LONDON (Jul. 9)
Henry Brooke, the British Home Secretary, appealed today for Jewish understanding of his opposition to legislation outlawing public incitement against racial and religious groups.
He told the House of Commons that he had no desire to be the first Home Secretary to introduce into British law a concept that “some of my fellow citizens are to be singled out for special protection because of the race to which they belong.”
“I would ask my friends of the Jewish community and elsewhere to think whether a sort of racial division within society is what they really desire,” he said. He spoke in moving for a second reading in Commons of changes in the Public Order bill which would strengthen penalties for incitement to religious or racial antagonism.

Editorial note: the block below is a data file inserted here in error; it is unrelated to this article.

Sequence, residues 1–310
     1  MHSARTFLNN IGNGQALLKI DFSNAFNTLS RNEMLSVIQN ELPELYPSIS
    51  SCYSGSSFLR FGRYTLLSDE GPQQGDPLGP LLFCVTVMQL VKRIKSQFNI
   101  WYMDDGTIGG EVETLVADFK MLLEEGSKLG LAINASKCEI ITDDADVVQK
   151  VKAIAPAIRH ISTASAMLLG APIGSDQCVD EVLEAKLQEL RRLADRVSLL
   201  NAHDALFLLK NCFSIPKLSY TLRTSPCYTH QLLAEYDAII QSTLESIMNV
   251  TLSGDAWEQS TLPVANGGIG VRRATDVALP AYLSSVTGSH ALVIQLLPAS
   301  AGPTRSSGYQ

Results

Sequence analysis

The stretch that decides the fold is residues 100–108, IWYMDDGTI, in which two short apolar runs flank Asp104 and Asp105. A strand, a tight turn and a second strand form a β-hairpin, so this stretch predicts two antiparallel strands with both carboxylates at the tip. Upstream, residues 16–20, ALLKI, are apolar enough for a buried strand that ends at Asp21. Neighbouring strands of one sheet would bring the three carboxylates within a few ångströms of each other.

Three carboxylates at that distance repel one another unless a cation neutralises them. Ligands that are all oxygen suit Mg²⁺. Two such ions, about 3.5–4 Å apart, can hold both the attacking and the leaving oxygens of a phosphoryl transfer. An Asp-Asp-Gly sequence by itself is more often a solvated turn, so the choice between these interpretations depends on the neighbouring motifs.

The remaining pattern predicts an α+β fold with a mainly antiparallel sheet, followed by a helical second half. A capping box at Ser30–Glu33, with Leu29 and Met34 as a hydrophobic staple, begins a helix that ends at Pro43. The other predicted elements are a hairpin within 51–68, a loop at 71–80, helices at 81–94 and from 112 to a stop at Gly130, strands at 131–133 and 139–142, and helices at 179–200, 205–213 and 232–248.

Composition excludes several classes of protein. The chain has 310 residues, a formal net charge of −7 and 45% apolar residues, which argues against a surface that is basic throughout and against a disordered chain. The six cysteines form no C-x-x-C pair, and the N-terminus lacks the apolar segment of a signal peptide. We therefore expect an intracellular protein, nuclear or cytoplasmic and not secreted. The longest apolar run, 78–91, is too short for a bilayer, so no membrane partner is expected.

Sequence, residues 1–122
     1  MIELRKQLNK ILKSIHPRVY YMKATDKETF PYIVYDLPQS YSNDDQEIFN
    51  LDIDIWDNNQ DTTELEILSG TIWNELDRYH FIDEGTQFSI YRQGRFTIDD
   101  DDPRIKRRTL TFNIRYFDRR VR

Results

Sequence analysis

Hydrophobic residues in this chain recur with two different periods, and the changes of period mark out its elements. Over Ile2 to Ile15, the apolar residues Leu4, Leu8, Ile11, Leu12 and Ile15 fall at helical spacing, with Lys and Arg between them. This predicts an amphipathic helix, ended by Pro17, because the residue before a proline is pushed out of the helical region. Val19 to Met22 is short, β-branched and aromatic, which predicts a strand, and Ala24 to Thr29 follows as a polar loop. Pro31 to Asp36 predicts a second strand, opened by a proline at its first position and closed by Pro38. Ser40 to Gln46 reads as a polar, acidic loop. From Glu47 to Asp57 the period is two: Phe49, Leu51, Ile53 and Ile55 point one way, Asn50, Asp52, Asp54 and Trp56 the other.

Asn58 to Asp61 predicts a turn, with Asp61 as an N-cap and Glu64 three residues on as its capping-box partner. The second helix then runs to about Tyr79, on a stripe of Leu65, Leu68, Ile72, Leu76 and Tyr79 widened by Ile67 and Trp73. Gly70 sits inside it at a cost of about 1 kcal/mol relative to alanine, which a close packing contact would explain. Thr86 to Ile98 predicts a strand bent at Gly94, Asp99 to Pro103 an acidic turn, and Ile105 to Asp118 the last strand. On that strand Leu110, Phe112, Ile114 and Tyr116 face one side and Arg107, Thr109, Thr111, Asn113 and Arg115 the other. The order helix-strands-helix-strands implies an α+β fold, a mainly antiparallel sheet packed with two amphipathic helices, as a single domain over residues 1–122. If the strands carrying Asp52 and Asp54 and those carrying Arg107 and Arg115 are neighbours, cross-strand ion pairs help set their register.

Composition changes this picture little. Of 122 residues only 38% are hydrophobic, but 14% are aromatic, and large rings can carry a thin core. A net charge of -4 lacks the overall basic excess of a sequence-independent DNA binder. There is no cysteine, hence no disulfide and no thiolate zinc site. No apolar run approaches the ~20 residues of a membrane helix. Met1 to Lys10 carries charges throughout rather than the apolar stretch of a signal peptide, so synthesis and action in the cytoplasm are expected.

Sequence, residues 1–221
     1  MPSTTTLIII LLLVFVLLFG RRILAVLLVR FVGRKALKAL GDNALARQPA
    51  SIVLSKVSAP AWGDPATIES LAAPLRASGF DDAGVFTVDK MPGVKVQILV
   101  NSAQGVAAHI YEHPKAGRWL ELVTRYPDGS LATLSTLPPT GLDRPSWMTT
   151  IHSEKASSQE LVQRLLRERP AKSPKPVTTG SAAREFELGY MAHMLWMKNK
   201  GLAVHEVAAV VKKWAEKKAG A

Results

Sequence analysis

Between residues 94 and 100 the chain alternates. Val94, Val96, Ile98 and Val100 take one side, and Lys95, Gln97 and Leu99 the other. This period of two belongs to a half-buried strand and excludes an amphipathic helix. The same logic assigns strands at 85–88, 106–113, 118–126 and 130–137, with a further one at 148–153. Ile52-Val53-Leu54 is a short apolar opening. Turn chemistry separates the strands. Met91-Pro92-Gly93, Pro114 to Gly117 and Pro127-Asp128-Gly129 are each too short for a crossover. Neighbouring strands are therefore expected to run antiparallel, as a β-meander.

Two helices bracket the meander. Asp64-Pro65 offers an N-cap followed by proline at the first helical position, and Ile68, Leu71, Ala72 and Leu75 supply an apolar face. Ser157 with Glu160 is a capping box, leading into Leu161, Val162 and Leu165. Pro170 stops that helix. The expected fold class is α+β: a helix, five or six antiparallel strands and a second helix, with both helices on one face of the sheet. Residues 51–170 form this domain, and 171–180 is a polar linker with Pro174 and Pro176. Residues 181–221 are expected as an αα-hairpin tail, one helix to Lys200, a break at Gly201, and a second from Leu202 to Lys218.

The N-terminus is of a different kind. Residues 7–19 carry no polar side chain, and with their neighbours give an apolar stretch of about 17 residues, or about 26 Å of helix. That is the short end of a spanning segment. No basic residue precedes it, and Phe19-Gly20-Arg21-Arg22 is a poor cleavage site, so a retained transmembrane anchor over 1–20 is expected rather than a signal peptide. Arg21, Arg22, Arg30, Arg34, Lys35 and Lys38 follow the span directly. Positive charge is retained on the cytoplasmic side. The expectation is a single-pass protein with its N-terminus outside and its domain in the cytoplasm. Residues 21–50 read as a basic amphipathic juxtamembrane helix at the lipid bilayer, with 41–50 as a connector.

The bill was an outgrowth of a series of rallies sponsored by Britain’s three fascist and neo-Nazi movements which sparked wild rioting in London’s Trafalgar Square and in heavily-Jewish sections of the city last year. The Home Secretary had previously rejected demands for legislation specifically making such incitement a criminal offense.
He said that for some years, “small fascist groups” had been holding public meetings and that they had dwindled to three groups “because they tended to quarrel among themselves.” He contended that “practically no one” had gone to those meetings and that “contempt is much the best treatment for their intolerant, malignant and rejected doctrines.”
He asserted that the hate groups “badly misjudge the British people” and that the existing law was fully effective. However, he said, the results of the rally-sparked rioting had provided that the Public Order Act was “not severe enough in its penalties — hence this bill.”